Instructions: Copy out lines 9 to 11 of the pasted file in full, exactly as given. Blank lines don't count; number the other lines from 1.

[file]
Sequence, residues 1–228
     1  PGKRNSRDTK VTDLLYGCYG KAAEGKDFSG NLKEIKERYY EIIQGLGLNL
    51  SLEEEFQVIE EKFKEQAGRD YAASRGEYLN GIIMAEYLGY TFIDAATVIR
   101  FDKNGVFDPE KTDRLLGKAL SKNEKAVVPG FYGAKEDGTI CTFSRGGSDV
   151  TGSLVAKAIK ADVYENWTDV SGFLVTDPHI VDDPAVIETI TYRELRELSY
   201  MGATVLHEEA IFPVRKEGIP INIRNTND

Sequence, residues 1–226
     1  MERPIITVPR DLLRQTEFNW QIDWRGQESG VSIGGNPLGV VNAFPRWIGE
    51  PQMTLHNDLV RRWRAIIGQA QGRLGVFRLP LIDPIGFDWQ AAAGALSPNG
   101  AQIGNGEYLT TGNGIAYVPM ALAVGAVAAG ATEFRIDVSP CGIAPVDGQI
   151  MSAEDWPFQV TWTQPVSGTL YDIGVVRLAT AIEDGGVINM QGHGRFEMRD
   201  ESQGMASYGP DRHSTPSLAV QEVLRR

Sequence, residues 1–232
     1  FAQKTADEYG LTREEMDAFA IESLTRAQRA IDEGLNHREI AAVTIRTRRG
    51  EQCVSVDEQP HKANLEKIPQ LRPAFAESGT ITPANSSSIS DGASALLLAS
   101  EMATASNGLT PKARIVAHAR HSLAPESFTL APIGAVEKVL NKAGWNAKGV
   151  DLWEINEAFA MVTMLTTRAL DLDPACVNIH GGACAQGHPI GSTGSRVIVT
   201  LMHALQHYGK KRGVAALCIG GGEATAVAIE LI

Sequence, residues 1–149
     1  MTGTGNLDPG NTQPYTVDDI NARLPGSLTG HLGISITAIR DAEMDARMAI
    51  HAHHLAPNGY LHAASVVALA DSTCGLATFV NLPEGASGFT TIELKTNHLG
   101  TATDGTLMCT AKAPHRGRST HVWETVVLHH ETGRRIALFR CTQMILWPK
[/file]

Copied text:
    51  PQMTLHNDLV RRWRAIIGQA QGRLGVFRLP LIDPIGFDWQ AAAGALSPNG
   101  AQIGNGEYLT TGNGIAYVPM ALAVGAVAAG ATEFRIDVSP CGIAPVDGQI
   151  MSAEDWPFQV TWTQPVSGTL YDIGVVRLAT AIEDGGVINM QGHGRFEMRD